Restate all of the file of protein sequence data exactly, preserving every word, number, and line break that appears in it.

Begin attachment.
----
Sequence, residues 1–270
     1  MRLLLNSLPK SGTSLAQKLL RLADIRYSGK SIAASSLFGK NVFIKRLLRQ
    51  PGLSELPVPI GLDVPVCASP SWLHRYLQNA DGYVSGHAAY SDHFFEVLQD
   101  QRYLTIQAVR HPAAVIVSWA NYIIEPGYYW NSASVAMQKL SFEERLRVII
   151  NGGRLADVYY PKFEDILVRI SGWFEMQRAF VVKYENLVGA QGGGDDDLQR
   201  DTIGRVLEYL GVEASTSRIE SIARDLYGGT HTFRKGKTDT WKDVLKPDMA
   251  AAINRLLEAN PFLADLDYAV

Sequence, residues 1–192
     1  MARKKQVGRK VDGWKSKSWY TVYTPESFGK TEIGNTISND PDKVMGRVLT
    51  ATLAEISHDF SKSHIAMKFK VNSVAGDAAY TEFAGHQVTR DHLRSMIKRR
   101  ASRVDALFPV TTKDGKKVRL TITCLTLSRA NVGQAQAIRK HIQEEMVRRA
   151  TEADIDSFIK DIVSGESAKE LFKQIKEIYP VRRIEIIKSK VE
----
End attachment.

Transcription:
Sequence, residues 1–270
     1  MRLLLNSLPK SGTSLAQKLL RLADIRYSGK SIAASSLFGK NVFIKRLLRQ
    51  PGLSELPVPI GLDVPVCASP SWLHRYLQNA DGYVSGHAAY SDHFFEVLQD
   101  QRYLTIQAVR HPAAVIVSWA NYIIEPGYYW NSASVAMQKL SFEERLRVII
   151  NGGRLADVYY PKFEDILVRI SGWFEMQRAF VVKYENLVGA QGGGDDDLQR
   201  DTIGRVLEYL GVEASTSRIE SIARDLYGGT HTFRKGKTDT WKDVLKPDMA
   251  AAINRLLEAN PFLADLDYAV

Sequence, residues 1–192
     1  MARKKQVGRK VDGWKSKSWY TVYTPESFGK TEIGNTISND PDKVMGRVLT
    51  ATLAEISHDF SKSHIAMKFK VNSVAGDAAY TEFAGHQVTR DHLRSMIKRR
   101  ASRVDALFPV TTKDGKKVRL TITCLTLSRA NVGQAQAIRK HIQEEMVRRA
   151  TEADIDSFIK DIVSGESAKE LFKQIKEIYP VRRIEIIKSK VE